Reading tops my list of favorite activities. Here are ten reasons why I read books and I think you should too.
1. To learn stuff
Reading is probably the single most educational activity you can participate in for free. It will expand your vocabulary, introduce you to new ideas and theories, and teach you about history, science, art, and world cultures. You can learn almost anything–from the most practical skills to the highest plane of philosophical thought–just from picking up a book.
2. To escape from reality
Sometimes life is overwhelming and you just need to escape for a little while. Television, movies, and video games offer escape, but they don’t come with any of the benefits that reading does, and they even have some major drawbacks, such as screen addiction, reduced attention span, and increased violent behavior.
3. To have adventures
Armchair travel is great because it’s free and not confined to destinations in the real world. I mean, Paris is great, but wouldn’t you rather spend a week at Hogwarts? Reading allows you to fight dragons, scale treacherous mountain peaks, and explore enchanted forests all without risk to life and limb. That sounds like a pretty sweet deal to me.
4. To give my brain a workout
Reading does a body good! Studies show that reading improves memory and can even reduce the risk of Alzheimer’s disease. That’s one preventative health care plan I can get on board with!
5. To better empathize with others
A study conducted in the Netherlands found that readers who are “emotionally transported” by a story become more empathetic. You might want to ditch a book if it doesn’t particularly grab you though; the study also found that readers who are not emotionally transported actually become less empathetic.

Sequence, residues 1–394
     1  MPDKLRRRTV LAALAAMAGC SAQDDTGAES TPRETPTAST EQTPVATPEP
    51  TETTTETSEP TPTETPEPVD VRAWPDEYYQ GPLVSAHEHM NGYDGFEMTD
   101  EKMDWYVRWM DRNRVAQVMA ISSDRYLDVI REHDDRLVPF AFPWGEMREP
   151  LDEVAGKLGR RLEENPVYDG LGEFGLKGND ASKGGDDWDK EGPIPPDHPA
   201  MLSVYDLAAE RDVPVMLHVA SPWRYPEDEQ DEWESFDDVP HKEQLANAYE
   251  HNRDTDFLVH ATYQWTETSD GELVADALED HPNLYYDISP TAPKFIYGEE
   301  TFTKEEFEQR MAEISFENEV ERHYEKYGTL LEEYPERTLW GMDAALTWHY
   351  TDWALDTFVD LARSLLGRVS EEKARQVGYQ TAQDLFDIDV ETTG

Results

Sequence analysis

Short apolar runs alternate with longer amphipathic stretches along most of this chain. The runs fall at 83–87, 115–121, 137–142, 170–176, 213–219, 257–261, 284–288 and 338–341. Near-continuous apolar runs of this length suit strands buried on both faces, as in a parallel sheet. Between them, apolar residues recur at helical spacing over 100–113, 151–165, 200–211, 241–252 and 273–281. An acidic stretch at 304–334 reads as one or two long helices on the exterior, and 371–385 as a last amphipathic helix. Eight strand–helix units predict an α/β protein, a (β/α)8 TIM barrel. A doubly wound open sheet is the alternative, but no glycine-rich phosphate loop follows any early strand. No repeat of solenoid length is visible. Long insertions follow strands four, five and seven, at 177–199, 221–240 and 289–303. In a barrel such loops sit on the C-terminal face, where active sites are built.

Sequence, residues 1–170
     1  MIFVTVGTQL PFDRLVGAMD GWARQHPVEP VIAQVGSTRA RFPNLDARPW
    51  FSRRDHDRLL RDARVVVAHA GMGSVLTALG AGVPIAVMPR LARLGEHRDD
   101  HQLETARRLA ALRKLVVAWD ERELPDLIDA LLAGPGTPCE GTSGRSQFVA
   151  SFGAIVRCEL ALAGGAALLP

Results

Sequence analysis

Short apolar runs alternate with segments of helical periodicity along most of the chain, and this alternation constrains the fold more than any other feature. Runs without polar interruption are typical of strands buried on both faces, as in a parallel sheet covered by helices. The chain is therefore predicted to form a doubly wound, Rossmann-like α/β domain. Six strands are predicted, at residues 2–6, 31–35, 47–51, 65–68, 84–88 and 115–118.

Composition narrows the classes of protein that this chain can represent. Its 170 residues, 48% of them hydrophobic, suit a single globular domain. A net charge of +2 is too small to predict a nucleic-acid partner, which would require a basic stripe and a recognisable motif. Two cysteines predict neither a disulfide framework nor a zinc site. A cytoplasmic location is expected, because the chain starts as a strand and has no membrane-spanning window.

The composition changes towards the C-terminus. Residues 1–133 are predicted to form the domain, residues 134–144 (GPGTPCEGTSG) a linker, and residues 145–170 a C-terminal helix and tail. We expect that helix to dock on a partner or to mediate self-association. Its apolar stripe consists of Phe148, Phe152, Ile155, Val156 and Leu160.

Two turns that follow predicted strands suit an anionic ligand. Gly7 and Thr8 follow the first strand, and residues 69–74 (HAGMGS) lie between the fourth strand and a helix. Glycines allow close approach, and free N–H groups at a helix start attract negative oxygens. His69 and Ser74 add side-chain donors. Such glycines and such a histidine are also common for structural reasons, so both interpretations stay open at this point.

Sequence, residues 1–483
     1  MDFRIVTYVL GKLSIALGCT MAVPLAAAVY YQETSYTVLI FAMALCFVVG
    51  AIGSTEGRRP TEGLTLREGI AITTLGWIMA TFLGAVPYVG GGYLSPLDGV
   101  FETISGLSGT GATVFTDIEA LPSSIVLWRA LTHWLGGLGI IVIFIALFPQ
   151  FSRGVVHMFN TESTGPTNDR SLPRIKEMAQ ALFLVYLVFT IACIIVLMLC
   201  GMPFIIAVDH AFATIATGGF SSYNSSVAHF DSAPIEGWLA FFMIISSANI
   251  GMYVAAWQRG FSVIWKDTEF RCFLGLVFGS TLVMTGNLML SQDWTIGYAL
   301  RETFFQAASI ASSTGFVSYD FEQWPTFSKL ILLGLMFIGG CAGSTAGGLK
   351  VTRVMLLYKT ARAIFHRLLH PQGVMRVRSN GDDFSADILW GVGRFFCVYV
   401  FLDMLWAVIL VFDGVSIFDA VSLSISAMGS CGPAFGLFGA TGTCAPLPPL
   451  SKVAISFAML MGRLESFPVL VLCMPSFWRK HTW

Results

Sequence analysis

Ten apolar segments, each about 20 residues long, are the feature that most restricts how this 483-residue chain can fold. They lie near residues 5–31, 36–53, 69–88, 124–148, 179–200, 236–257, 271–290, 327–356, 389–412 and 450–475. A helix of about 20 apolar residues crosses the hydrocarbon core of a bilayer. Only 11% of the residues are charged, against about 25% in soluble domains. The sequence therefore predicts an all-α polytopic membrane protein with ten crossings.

6. To make new friends
Being in a library is like being surrounded by good friends. I feel connected to many of the authors on my shelves–dead or alive–in myriad powerful ways. Reading can also lead to the formation of real-life friendships with people of similar literary tastes, and books are a great conversation starter at social gatherings.
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7. To nourish to my heart and soul
Book lovers have long known that reading can be a valuable tool in healing, but science has only recently caught up. Bibliotherapy, the use of books in a therapy setting to alleviate depression, anxiety, and other mental health challenges, has only recently become popular. One study revealed that guided bibliotherapy is even more effective for treating depression than conventional interventions.
8. To fuel my creativity
As a blogger, ideas are important to me. An empty creative fuel tank equates to no new blog posts, and the best way I know of to keep my tank topped off is to read as much as I possibly can. Studies have born this out and show that students who spend more time reading and writing score higher on creativity tests.
9. To relax and unwind
According to research at the University of Sussex, reading is one of the most effective methods for beating the plague of the 21st century–stress. The study showed that reading reduces stress by 68% and can thoroughly relax the body in just six minutes. Comparatively, listening to music reduces stress by 61%, having a cup of tea by 54%, taking a walk by 42%, and playing a video game by 21%. I think we have a winner!
10. Because I can
Over 1 billion people around the world are illiterate, including 32 million adults in the U.S. That number doesn’t include the 21% of adults who read below a 5th grade level. The numbers are worse for women, who fall over 7% behind their male counterparts globally. Education should be a right, but for many it’s not even an option. I’m lucky, and I’m going to take full advantage of that.
Why do you read books?
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